Avoid these seven rookie mistakes to create stunning creations without frustration.
Don’t do what I did.
When first starting with Polymer clay, it’s all too tempting to just rush out, get some Fimo or Super Sculpey and start creating only to see your project mess up. That’s exactly what I did.
I thought I knew enough, it’s polymer clay after all! How difficult can it be! But as with everything in life, mistakes are waiting for the inexperienced. I made loads of errors, most of those here TBH, which resulted in ruined creations and left me disheartened. I nearly gave up on the medium after my first attempt.
So in this quick guide, I’ll explore seven of the most common mistakes to avoid when working with polymer clay so that you can get started on the right foot By being aware of these mistakes and taking steps to avoid them, you’ll be able to create beautiful and durable pieces that you can be proud of.
1. Don’t skip the conditioning process
One of the most common mistakes that people make when working with polymer clay is not conditioning it properly. Conditioning involves warming up the clay with your hands and then using a clay roller or pasta machine to roll the clay back and forth until it becomes soft, pliable, and consistent. Failing to condition the clay for long enough can result in a texture that’s too firm and difficult to work with, and can lead to, as Sculpey put it, cracking or crumbling up of the clay during or after baking.
Additionally, air bubbles can easily creep into clay, especially when folding it. These air bubbles cause unsightly bumps and defects that emerge when it’s baked. The recommendation is to always properly condition the clay, and use a roller or pasta machine, to remove these air bubbles. If you fold the clay, always roll it from the folded end so air bubbles can escape.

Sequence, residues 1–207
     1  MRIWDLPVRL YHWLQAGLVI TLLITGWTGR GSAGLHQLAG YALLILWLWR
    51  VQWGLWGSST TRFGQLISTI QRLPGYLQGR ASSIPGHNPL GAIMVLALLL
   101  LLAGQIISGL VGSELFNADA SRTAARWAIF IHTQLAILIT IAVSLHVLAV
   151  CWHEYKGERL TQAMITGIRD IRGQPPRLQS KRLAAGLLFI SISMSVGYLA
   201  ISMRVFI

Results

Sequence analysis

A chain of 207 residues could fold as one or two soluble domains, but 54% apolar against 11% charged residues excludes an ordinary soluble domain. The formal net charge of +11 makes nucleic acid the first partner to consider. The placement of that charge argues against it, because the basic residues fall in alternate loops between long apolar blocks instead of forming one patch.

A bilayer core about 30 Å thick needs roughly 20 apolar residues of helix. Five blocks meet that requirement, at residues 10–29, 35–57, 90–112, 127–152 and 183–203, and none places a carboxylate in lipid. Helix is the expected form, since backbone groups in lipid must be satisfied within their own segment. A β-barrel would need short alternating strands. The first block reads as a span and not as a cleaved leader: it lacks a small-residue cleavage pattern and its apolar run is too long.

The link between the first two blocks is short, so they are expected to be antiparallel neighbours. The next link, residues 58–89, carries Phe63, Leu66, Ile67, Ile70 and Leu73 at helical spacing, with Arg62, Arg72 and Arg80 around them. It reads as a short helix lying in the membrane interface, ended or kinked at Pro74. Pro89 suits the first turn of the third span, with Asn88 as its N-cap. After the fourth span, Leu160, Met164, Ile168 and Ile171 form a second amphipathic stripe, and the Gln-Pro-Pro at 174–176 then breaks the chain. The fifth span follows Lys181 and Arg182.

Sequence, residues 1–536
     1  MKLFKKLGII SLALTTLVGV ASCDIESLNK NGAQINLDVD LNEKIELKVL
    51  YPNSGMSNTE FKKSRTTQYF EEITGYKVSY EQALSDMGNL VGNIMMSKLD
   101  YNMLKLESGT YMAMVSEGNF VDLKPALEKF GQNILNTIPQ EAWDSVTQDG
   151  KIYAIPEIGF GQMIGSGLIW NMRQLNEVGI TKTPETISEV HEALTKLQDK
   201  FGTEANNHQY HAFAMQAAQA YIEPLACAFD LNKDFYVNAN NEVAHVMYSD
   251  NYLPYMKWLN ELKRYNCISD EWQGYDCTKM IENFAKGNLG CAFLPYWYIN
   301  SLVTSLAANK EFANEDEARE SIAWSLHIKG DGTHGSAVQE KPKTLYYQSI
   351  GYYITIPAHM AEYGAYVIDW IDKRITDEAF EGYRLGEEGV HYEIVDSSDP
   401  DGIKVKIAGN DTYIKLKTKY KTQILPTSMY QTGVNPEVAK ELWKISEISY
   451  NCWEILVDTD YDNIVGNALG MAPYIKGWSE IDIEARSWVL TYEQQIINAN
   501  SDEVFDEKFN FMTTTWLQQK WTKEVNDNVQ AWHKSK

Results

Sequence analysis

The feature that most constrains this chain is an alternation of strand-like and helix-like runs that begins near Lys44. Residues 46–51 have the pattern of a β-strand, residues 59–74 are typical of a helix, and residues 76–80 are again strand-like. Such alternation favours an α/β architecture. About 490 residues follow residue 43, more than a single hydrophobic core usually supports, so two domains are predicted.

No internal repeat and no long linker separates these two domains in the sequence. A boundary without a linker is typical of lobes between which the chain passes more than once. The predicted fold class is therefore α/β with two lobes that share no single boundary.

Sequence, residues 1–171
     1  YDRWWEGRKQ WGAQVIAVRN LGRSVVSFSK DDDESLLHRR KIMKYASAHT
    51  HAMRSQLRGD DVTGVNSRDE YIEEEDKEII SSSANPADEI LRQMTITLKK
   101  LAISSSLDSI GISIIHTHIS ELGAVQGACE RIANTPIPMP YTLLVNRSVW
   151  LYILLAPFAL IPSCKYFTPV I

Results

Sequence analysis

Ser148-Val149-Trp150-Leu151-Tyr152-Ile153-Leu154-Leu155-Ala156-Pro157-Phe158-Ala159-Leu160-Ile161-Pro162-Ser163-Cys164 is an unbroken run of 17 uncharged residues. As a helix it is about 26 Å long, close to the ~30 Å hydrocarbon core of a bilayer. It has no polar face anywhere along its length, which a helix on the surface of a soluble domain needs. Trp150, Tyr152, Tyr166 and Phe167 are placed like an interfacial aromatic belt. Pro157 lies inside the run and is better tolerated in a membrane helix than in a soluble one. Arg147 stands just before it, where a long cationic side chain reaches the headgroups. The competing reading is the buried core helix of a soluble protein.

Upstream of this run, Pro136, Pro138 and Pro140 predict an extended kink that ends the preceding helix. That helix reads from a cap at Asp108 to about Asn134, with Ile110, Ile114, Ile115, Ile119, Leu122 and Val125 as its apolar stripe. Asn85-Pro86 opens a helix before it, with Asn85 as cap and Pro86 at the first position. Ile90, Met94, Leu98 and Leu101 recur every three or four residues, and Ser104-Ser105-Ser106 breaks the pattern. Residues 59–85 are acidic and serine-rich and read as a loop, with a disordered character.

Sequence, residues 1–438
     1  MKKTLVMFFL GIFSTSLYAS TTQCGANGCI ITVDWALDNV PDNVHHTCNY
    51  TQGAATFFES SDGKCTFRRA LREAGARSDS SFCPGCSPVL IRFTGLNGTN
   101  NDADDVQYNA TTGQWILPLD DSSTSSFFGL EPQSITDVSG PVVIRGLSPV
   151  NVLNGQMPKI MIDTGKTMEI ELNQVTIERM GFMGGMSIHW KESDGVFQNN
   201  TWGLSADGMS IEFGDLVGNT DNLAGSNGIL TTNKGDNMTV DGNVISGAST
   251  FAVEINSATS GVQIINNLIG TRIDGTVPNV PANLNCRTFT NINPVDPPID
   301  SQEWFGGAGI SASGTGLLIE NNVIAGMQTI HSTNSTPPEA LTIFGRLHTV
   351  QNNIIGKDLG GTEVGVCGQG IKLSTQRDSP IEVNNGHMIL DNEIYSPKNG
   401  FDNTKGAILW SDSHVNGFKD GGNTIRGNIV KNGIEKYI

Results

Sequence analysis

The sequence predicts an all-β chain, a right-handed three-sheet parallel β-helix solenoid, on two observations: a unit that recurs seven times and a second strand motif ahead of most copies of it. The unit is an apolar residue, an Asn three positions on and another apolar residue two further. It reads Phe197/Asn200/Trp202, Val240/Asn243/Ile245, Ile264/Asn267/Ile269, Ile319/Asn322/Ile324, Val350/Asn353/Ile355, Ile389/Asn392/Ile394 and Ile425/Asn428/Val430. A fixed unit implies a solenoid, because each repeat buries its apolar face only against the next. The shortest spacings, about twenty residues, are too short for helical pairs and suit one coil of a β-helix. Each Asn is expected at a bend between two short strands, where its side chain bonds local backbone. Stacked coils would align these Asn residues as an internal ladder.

So make sure to take the time to condition your polymer clay properly before starting any project. Not only will it result in better quality pieces, but it will also make the clay easier to work with, enabling more intricate and detailed designs.
2. Don’t use dirty tools
Another common mistake that will lead to disappointment is using dirty tools. Polymer clay is susceptible to dirt, dust, and even fingerprints, which may transfer to the clay and ruin your final piece. Before starting a new project, wash your hands and wipe down your tools with a damp cloth or wipe over with some IPA and ideally use separate tools for each colour of clay. I also keep a spray bottle of this nearby to clean my tools as I work and in case I get any marks or fingerprints on my creations (see my guide to removing fingerprints if this has happened).
On the subject of tools, I’d also strongly recommend getting a thin blade. This is a long blade, that’s very sharp but also thin, which makes it easy to cut the clay into slices and also makes it easy to lift clay off the working area.
3. Don’t overbake your clay
It’s important to follow the manufacturer’s instructions when baking your polymer clay. Overbaking can cause the clay to become brittle and break easily. Equally, if the clay comes out of the oven with dark spots or worse, bubbling, it’s been burnt which as Jennifer Courington at Sculpy explains is when the oven ‘is too hot due to one or more temperature issues:’